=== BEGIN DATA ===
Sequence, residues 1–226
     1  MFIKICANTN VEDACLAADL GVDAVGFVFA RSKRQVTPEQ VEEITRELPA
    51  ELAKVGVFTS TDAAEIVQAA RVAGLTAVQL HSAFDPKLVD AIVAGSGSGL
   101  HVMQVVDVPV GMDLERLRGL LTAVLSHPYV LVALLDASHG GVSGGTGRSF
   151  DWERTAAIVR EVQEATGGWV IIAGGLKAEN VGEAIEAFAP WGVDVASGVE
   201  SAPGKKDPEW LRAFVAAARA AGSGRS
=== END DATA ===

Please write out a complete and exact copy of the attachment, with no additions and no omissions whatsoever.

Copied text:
Sequence, residues 1–226
     1  MFIKICANTN VEDACLAADL GVDAVGFVFA RSKRQVTPEQ VEEITRELPA
    51  ELAKVGVFTS TDAAEIVQAA RVAGLTAVQL HSAFDPKLVD AIVAGSGSGL
   101  HVMQVVDVPV GMDLERLRGL LTAVLSHPYV LVALLDASHG GVSGGTGRSF
   151  DWERTAAIVR EVQEATGGWV IIAGGLKAEN VGEAIEAFAP WGVDVASGVE
   201  SAPGKKDPEW LRAFVAAARA AGSGRS